Early Season Scouting Tips

Despite the unpredictability of the pre-rut, which falls sometime during the last weeks of October or into early November throughout much of the country, many hunters agree that it’s a great time to hunt whitetails.  Travis Creekbaum, host of “The Chase” with Leigh and Travis, affirms that there’s a broad range for the pre-rut, dependent upon many different circumstances, but he also offers some well-tested tips for buck-hunting success. 

“In the pre-rut, bucks are ready to go,” he said.  “They’re starting to bust up their bachelor groups and get territorial; the velvet comes off, and horns harden.  They develop a pecking order and start rubbing on trees.  Of course, it’s a misnomer to assume that the size of the tree tells you the size of the deer.  Big bucks rub big and small trees, and small bucks rub big and small trees, too.  For guessing their size, you can check how high the rub is, and you can often estimate how long the tines are based on what’s past the tree.  For instance, if the deer is hitting brush eight or nine inches past the tree, then it’s probably a big deer.” 

While bucks are always “ready for the party,” does will be in estrus when it’s their time.  But there are some natural hints.  According to Creekbaum, “if you see a button buck fawn by itself, somewhere nearby, there’s probably a doe in heat.”  To discover if any lone fawns are in your area, he suggests setting trail cameras on food sources.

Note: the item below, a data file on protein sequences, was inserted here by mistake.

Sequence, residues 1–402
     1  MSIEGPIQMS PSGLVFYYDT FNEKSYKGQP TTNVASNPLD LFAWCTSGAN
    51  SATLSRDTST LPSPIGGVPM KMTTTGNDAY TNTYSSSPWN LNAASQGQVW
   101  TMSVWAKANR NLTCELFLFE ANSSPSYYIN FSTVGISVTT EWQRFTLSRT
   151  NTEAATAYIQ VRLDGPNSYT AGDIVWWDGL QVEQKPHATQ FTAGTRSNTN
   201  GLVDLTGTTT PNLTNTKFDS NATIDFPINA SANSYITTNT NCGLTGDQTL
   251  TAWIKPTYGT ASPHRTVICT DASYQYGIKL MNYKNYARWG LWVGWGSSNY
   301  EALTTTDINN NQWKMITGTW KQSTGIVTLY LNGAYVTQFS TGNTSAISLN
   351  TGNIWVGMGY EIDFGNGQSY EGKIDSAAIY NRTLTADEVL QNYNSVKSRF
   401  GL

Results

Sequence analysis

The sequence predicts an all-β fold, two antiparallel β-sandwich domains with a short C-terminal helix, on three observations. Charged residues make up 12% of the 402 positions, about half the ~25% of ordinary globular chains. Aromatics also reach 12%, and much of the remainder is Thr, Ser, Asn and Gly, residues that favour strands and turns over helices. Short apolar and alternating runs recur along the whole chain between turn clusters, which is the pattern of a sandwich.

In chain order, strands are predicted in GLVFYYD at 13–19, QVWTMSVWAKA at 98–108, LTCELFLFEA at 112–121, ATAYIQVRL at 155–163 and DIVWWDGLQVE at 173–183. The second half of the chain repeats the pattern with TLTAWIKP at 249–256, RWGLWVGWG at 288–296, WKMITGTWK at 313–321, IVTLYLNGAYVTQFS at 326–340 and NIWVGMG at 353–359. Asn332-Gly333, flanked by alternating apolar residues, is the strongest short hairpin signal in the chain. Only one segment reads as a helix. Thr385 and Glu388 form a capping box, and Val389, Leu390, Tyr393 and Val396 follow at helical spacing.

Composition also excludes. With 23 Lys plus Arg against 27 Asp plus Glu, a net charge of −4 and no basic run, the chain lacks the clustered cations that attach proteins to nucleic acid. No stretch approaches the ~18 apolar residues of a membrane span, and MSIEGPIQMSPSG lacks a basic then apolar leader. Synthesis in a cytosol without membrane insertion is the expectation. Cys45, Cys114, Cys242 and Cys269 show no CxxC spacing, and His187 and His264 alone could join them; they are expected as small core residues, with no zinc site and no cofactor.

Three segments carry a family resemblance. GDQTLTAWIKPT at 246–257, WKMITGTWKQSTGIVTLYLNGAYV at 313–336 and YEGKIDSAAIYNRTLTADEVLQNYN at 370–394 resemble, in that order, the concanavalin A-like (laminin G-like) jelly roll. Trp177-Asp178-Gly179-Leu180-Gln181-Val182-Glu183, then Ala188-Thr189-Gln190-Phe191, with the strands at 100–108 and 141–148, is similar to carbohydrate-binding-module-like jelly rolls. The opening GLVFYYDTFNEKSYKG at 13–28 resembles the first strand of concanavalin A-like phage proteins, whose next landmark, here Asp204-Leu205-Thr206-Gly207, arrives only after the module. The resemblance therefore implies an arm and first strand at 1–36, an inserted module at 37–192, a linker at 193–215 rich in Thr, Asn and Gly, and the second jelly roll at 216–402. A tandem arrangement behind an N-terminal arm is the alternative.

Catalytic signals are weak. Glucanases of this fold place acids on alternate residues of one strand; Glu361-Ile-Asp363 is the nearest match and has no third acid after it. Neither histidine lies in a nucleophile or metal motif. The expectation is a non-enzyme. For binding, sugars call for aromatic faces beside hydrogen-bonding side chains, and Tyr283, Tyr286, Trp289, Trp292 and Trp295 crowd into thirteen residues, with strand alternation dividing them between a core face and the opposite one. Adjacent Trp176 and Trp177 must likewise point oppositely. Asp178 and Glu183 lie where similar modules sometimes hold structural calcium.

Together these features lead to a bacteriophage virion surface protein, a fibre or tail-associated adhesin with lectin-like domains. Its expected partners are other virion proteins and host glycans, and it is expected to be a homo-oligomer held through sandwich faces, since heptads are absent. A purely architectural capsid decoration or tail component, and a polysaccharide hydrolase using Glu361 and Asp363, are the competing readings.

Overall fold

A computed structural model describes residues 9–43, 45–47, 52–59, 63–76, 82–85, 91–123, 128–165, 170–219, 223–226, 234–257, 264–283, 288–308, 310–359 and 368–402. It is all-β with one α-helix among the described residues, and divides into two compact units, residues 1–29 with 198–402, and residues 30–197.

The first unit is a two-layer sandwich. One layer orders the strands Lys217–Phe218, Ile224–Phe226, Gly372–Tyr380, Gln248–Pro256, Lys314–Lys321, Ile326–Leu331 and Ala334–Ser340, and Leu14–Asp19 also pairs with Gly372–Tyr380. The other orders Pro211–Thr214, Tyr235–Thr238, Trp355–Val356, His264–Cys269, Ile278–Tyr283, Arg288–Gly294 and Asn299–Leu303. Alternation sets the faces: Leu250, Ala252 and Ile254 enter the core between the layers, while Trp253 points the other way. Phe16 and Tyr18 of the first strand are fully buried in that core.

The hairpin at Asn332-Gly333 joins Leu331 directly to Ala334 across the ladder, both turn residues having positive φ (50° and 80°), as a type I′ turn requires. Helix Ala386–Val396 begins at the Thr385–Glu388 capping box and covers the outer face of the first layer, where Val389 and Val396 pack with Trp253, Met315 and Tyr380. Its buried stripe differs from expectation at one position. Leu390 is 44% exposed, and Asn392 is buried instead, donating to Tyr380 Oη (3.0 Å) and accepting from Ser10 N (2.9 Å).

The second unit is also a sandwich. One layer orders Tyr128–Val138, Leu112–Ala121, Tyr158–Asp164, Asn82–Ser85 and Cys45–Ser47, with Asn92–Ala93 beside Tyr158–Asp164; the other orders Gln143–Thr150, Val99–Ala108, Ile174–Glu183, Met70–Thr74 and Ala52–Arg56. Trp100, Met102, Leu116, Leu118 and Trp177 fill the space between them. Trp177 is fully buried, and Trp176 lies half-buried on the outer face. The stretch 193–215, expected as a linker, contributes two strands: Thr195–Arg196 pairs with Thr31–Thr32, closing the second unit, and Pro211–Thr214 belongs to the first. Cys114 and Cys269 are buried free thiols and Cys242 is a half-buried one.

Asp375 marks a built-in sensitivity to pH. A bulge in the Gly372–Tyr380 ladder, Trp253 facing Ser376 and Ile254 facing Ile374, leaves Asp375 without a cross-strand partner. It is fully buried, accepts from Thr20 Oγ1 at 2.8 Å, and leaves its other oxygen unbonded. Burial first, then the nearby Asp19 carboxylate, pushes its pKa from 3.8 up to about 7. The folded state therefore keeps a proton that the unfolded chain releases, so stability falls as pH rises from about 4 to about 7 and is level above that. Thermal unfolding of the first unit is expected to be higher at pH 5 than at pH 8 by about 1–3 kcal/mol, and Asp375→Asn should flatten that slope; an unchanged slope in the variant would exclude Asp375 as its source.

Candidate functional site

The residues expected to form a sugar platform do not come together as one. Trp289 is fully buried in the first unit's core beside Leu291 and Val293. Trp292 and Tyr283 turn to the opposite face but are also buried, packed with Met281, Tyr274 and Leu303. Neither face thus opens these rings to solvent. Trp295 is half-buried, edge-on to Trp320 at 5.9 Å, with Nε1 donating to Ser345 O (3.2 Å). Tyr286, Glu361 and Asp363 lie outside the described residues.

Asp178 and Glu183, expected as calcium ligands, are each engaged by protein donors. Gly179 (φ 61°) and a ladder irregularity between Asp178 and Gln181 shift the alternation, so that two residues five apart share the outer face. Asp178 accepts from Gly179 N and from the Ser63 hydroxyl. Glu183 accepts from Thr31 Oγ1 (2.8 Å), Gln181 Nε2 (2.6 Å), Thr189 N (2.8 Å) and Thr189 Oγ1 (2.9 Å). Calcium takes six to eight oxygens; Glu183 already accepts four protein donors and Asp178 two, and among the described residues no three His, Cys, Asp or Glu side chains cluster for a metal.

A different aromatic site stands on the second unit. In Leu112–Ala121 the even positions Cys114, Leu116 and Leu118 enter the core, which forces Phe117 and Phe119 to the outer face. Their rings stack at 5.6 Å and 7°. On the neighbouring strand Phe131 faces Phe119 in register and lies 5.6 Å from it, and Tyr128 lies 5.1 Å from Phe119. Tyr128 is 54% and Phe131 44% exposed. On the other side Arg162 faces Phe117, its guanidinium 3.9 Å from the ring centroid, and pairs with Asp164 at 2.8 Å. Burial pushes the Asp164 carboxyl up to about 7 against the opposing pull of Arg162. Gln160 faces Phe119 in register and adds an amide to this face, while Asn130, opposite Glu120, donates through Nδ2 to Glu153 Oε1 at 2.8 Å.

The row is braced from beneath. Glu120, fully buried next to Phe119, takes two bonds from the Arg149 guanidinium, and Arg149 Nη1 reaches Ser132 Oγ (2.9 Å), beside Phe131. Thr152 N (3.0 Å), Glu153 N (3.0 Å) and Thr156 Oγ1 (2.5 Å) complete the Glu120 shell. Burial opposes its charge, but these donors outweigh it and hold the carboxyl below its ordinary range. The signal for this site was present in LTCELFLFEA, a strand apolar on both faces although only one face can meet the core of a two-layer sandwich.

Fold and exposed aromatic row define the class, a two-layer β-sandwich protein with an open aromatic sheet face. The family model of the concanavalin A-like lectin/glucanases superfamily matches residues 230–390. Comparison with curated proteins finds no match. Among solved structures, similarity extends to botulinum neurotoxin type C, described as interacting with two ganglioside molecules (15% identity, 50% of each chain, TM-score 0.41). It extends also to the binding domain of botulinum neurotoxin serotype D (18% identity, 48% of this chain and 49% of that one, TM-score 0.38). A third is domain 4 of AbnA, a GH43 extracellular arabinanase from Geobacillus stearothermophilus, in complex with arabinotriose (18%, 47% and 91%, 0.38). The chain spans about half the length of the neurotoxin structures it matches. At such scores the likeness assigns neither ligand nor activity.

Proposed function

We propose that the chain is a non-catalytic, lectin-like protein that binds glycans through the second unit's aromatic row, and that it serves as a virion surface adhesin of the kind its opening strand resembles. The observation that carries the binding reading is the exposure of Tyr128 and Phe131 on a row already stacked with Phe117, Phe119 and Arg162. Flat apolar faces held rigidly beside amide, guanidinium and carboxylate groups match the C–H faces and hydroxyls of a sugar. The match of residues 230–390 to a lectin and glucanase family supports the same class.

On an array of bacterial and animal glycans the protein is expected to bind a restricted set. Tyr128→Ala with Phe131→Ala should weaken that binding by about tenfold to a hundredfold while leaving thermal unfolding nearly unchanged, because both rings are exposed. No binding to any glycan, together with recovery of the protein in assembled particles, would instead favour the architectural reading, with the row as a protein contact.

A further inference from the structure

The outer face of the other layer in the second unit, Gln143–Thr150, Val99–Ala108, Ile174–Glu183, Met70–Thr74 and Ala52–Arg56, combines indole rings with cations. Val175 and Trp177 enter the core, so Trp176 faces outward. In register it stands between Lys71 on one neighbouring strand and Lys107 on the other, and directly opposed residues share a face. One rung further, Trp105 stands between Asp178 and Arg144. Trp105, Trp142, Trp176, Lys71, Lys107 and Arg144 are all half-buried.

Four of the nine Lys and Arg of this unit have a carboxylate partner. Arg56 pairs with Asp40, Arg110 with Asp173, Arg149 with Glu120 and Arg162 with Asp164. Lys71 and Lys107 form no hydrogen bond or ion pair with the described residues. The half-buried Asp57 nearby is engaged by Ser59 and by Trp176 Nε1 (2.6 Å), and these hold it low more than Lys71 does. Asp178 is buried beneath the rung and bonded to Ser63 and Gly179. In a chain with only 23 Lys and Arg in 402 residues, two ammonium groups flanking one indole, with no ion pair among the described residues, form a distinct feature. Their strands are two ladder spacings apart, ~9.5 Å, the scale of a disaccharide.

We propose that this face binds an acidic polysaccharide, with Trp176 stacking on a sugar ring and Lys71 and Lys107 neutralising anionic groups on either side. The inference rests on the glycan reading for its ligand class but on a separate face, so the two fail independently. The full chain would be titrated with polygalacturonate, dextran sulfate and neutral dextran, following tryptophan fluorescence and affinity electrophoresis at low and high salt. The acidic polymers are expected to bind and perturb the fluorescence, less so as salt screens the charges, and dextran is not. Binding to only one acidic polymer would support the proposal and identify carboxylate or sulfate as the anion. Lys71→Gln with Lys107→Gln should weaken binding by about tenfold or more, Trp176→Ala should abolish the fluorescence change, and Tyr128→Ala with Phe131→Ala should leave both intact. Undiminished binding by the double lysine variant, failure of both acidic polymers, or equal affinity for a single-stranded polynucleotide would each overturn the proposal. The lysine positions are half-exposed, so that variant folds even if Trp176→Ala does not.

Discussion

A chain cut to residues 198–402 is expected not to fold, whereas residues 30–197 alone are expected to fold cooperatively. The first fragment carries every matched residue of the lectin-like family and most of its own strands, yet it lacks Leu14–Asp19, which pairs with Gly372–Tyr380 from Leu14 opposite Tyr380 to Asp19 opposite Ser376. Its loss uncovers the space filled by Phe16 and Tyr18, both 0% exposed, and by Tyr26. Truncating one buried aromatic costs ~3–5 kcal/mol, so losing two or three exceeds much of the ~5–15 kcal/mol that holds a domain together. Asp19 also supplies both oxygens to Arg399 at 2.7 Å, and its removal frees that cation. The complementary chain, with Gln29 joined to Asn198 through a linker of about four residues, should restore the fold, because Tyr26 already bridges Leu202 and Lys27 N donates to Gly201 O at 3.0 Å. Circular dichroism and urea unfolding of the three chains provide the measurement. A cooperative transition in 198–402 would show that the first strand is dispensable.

Too many hunters fail to understand the science behind deer scents, and as a result will use scents at an improper time, signaling to deer in the area that there’s something wrong.

For that reason, Creekbaum recommends using buck urine in front of the camera rather than doe estrous.

“In the pre-rut, it’s too early for doe estrus.  If a doe smells that, it will spook her, and she’ll leave.  You want to keep her there, so use buck urine instead; it simply sends a signal that another buck is in the area.”

In addition to food sources, scrapes are also effective locations for digital cameras.  Set up at a big, active scrape where bucks will hit and check back for does… or for other bucks.  

“At this time of the rut, the bucks are thinking, ‘Here’s my smell.  If I find you here, we have a problem,’”Creekbaum said.  “Bucks argue fiercely over territory during the pre-rut.”

For the best chances of spotting a monster buck, be extra careful about scent. 

“Even during the rut, the bucks are pretty smart.  So, spray the camera with scent elimination spray, and use black flash cameras.  I’ve seen too many big bucks leave an area if a camera glows or makes sound.

If you capture photos of an older, mature buck, Creekbaum suggests hunting that area for the next four to five days.  But with regard to age, he also mentions that “The Chase” doesn’t like to shoot 3- to 4-year olds. 

“They don’t fight fairly, and they’re too energetic.” he said.  “So look for the big, mature buck.  This guy won’t chase a female.  He’ll strategically lead her into the thickest parts to keep her away from younger bucks.  He’ll own that area and won’t leave that doe… and you’ll have the perfect chase.”


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